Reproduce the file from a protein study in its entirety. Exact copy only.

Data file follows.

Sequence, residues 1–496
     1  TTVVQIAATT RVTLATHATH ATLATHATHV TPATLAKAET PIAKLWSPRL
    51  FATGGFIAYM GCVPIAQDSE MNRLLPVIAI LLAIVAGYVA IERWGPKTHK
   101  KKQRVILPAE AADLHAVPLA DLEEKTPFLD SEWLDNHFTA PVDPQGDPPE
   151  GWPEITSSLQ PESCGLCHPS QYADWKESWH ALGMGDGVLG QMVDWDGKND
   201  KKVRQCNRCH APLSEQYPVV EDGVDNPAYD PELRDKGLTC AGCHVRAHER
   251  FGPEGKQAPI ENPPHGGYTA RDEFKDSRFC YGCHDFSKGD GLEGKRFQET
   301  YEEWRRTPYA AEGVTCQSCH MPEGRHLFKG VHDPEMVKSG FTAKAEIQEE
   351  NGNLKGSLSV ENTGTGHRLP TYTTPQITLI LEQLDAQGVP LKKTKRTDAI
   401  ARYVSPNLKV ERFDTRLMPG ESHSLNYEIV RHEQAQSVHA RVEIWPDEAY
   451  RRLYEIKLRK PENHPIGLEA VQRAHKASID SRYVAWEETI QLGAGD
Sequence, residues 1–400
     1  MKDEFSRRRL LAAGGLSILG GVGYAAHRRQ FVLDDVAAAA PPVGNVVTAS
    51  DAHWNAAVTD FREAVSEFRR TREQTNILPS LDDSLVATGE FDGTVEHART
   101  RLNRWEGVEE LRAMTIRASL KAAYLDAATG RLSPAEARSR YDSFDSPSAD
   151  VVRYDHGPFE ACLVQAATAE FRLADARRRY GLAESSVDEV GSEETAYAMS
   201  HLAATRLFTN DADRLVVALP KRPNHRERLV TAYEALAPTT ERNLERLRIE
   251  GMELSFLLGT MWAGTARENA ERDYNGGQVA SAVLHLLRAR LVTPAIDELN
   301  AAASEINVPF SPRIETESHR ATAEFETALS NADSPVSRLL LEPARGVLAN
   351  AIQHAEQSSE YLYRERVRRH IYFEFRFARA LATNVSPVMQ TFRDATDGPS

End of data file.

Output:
Sequence, residues 1–496
     1  TTVVQIAATT RVTLATHATH ATLATHATHV TPATLAKAET PIAKLWSPRL
    51  FATGGFIAYM GCVPIAQDSE MNRLLPVIAI LLAIVAGYVA IERWGPKTHK
   101  KKQRVILPAE AADLHAVPLA DLEEKTPFLD SEWLDNHFTA PVDPQGDPPE
   151  GWPEITSSLQ PESCGLCHPS QYADWKESWH ALGMGDGVLG QMVDWDGKND
   201  KKVRQCNRCH APLSEQYPVV EDGVDNPAYD PELRDKGLTC AGCHVRAHER
   251  FGPEGKQAPI ENPPHGGYTA RDEFKDSRFC YGCHDFSKGD GLEGKRFQET
   301  YEEWRRTPYA AEGVTCQSCH MPEGRHLFKG VHDPEMVKSG FTAKAEIQEE
   351  NGNLKGSLSV ENTGTGHRLP TYTTPQITLI LEQLDAQGVP LKKTKRTDAI
   401  ARYVSPNLKV ERFDTRLMPG ESHSLNYEIV RHEQAQSVHA RVEIWPDEAY
   451  RRLYEIKLRK PENHPIGLEA VQRAHKASID SRYVAWEETI QLGAGD
Sequence, residues 1–400
     1  MKDEFSRRRL LAAGGLSILG GVGYAAHRRQ FVLDDVAAAA PPVGNVVTAS
    51  DAHWNAAVTD FREAVSEFRR TREQTNILPS LDDSLVATGE FDGTVEHART
   101  RLNRWEGVEE LRAMTIRASL KAAYLDAATG RLSPAEARSR YDSFDSPSAD
   151  VVRYDHGPFE ACLVQAATAE FRLADARRRY GLAESSVDEV GSEETAYAMS
   201  HLAATRLFTN DADRLVVALP KRPNHRERLV TAYEALAPTT ERNLERLRIE
   251  GMELSFLLGT MWAGTARENA ERDYNGGQVA SAVLHLLRAR LVTPAIDELN
   301  AAASEINVPF SPRIETESHR ATAEFETALS NADSPVSRLL LEPARGVLAN
   351  AIQHAEQSSE YLYRERVRRH IYFEFRFARA LATNVSPVMQ TFRDATDGPS